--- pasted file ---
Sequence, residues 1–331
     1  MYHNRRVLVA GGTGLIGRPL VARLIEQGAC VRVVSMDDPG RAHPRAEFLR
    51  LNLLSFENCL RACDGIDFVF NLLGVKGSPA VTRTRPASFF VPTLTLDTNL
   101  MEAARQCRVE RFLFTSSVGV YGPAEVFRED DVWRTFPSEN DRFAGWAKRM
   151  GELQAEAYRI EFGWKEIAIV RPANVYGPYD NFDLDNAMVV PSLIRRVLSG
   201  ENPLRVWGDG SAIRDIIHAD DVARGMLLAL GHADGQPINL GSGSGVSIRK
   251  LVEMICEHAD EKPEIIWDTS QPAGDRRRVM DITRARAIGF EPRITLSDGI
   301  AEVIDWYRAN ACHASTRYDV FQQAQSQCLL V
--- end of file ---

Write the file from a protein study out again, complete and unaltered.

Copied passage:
Sequence, residues 1–331
     1  MYHNRRVLVA GGTGLIGRPL VARLIEQGAC VRVVSMDDPG RAHPRAEFLR
    51  LNLLSFENCL RACDGIDFVF NLLGVKGSPA VTRTRPASFF VPTLTLDTNL
   101  MEAARQCRVE RFLFTSSVGV YGPAEVFRED DVWRTFPSEN DRFAGWAKRM
   151  GELQAEAYRI EFGWKEIAIV RPANVYGPYD NFDLDNAMVV PSLIRRVLSG
   201  ENPLRVWGDG SAIRDIIHAD DVARGMLLAL GHADGQPINL GSGSGVSIRK
   251  LVEMICEHAD EKPEIIWDTS QPAGDRRRVM DITRARAIGF EPRITLSDGI
   301  AEVIDWYRAN ACHASTRYDV FQQAQSQCLL V